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BigSky, that is a good question. I suspect that I will be looking for a new GP. I have seen him three times and he gets me no more now than before. I do not have time for that.

The cardiologist that referred me to Mayo set my appointment for 6 wks after the Mayo appointment. If not for the Mayo trip, I would have been ok with that. I just tend to feel that with him being the referring physician, he would be interested in the outcome. To me it is a red flag, and revealing.

I read between the lines. I do not listen as much to what somebody says as much as pay attention to what they do or do not.

All I need is one local doctor that is interested. Just one. Someone to help fill the gaps.

It is not that I do not think they are interested, it is that they do not know. My thoughts are . . . . find out. I did. They do not have to be an "expert", just try to understand. A doctor that looks into it, is interested. One that does not, is not.

I am not going to make any rash decisions at the moment. I am going to finish Mayo. I suspect I will be looking again. I will express my concerns first and judge the response.

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Remember the Atari game pitfall? I feel like I'm swinging on the rope over the "pits". Those pits or gaps seem to push me back a few feet. I get what your saying and I'm so happy you are going to mayo. Eager to read your posts with experience and knowledge learned

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Hi,

I do have anxiety issues. What came first -- pots or anxiety -- no-one would be able to work out. I was labelled years ago as having panic disorder. So I did a cbt course run by a major hospital and the result was that for nearly 2 decades I learned to 'challenge' my symptoms of anxiety which were really symptoms of undiagnosed pots. I ended up tired and dispirited and also very ashamed that despite all my hard work each day I could not get rid of the 'panic disorder.' Then the symptoms the docs could see started to show up and finally I was diagnosed with pots. But the years of misdiagnosis of panic disorder had done some real damage. I no longer trust my instincts and question myself quite a lot. I no longer trust my own judgement when it comes to 'am I sick today?' 'how sick am I?Sometimes, 'am I sick enough to need to go to Emergency?' Last time I went to emergency was about 5 plus years ago (bit hazy about exact timing) I was sent there by my GP. Years earlier I would have known that I needed hospital care but that had changed. I turned up at emergency experiencing non-immune anaphylaxis. Now, I might have been okay, in the end, if I'd stayed home but this is anaphylaxis and I may very well not have been okay. But the rule of thumb is if you are experiencing a strong allergic response go to freaking hospital. I had lost confidence in my ability to know what was truly something that needed to be treated. I received treatment -- twice -- after the first round of treatment they had a good look at me and told me I'd probably be fine to go home in a couple of hours, I looked and felt okay. Towards the end of the next two hours the anaphylaxis repeated itself and I needed a second lot of treatment. I just thank heavens that I went to the doctor. And part of the reason I went to the doctor and didn't stay home worrying about it was that my husband came home and saw me and observed what was happening to me for all of 5 minutes and said he was taking me to the doctor. I was shocked. He's not easily ruffled by medical things.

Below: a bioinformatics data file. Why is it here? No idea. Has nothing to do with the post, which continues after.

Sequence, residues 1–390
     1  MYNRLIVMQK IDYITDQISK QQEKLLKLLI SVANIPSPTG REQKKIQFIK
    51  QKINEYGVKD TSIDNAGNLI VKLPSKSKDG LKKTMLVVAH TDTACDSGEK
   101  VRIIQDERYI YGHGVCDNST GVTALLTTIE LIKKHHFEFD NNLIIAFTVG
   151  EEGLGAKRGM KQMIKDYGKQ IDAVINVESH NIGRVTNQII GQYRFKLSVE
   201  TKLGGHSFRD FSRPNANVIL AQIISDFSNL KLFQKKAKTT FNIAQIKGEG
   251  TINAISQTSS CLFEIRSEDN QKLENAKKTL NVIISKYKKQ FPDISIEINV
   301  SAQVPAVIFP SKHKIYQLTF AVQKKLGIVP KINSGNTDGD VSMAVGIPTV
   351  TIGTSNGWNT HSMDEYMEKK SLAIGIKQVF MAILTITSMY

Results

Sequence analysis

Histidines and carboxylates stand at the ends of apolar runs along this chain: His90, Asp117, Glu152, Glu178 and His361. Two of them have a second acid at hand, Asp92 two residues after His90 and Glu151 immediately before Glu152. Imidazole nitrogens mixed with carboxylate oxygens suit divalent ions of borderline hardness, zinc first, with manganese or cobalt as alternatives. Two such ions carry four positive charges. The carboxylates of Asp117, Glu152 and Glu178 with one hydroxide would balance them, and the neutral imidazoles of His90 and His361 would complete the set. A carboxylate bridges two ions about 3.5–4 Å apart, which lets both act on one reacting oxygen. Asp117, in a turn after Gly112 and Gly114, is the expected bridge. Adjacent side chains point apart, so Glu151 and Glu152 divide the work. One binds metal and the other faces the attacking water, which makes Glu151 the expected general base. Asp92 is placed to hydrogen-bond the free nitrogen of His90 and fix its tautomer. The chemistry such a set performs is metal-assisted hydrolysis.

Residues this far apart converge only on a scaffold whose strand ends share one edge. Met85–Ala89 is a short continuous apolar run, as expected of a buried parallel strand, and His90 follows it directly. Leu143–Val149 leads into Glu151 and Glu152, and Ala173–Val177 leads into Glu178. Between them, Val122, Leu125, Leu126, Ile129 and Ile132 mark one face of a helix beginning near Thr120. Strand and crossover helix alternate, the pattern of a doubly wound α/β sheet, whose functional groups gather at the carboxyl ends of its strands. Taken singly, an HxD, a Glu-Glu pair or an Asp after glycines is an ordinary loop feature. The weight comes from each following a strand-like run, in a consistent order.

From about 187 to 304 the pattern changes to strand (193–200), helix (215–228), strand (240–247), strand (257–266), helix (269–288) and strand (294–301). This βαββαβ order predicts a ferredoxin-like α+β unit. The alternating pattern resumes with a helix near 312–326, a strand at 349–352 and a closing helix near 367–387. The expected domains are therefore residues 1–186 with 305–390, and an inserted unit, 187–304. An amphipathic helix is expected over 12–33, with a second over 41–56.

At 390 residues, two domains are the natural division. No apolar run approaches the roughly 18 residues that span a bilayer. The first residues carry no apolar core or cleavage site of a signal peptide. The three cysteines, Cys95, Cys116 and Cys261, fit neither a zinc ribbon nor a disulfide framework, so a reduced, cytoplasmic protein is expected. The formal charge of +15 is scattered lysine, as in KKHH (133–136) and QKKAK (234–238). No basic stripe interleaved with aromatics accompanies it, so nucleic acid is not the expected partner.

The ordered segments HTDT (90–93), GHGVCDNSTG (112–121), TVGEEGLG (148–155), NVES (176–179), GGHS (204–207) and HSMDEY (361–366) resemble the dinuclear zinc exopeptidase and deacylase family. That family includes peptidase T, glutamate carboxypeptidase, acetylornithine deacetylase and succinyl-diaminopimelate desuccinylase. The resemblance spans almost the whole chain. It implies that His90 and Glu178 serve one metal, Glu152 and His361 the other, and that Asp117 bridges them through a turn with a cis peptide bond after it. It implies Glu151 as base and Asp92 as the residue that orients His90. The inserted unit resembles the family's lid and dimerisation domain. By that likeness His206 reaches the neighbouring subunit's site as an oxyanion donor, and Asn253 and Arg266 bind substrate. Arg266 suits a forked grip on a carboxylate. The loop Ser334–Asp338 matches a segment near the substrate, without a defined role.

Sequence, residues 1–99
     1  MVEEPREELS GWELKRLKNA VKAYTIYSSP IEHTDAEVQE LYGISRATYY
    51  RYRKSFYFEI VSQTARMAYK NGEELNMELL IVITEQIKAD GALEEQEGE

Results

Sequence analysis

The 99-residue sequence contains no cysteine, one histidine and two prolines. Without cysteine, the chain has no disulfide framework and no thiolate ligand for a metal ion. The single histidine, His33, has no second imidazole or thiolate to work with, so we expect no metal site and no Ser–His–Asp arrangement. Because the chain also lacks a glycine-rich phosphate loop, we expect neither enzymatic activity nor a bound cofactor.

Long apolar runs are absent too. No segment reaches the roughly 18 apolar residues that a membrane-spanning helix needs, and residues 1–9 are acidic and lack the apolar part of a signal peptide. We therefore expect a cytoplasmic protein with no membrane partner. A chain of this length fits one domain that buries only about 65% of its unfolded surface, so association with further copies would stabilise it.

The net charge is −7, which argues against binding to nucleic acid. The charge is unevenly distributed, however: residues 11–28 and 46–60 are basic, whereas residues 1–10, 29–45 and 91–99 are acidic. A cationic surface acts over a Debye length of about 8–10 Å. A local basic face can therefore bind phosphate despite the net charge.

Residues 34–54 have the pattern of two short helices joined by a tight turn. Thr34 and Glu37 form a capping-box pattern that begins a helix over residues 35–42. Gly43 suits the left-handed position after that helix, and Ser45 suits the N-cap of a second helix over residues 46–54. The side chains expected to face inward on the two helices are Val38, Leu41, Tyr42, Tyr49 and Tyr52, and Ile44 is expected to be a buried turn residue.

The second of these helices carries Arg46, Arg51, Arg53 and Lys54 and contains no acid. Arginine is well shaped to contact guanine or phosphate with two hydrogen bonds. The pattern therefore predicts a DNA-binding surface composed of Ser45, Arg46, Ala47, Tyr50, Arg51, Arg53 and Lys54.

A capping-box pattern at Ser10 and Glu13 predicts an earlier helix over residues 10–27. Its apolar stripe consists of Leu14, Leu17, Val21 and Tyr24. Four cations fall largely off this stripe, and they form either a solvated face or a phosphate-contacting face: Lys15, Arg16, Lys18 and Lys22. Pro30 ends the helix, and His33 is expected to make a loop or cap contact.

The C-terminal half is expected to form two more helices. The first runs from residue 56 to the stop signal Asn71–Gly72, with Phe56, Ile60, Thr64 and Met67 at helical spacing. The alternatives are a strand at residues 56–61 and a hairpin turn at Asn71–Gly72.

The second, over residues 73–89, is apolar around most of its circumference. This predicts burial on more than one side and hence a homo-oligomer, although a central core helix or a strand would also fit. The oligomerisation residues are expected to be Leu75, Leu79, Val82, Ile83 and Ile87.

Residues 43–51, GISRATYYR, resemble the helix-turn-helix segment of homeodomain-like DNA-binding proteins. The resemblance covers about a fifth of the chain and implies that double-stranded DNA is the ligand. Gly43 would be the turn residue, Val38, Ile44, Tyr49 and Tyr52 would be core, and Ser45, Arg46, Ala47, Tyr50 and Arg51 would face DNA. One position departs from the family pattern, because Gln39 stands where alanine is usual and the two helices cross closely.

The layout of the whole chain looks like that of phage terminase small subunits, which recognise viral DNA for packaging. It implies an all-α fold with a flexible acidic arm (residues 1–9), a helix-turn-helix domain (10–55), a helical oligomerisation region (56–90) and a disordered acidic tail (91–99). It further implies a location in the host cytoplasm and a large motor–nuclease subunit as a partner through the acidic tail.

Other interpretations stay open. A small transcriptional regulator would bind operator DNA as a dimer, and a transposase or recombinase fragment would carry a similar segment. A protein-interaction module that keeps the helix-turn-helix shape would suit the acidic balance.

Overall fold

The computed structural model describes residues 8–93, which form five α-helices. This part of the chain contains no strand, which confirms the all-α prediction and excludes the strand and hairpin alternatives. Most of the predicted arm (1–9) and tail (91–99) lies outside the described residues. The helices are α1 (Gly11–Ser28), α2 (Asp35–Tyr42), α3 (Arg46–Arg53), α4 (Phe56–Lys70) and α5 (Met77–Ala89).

I guess what I'm trying to say is that the misdiagnoses of 'panic disorder' sent me down the wrong road of treatment and now it has really stuffed with my ability to know 'is this serious or not?' which can leave me in a very anxious place for a lot of the time. So yes, I do have a lot of anxiety but it comes WITH pots. flight or fight response -- sympathetic nervous system etc. etc.

I do have a psychiatrist and about 6 years ago -- 2 years after my pots and erythromelalgia diagnosis -- I rang him and asked him if he thought I had a somatoform disorder. Was I a hypochondriac? Had I worked myself into such a state with anxiety that I'd manifested the symptoms of a physical illness? He asked for a few days to think about it. He rang me back a few days later and told me that it was his opinion that I did not have a somatoform disaster (btw, I think they've changed the name of 'somatoform 'to something else in the latest edition of the psychiatric manual) and that I had pots and other stuff but that I was understandably anxious and depressed about it.

That being said, I've decided to seek out the help of a psychologist who works with people with chronic illnesses. I need to work on feelings of anxiety that surrounds being ill, I need to work on the sense of shame I feel, and I need to work on the feeling that often I feel like a helpless hostage to this illness. In other words I need to get my happy back and work out how I deal with the anxiety, and subsequent depression that has come from being unwell for so long.

blue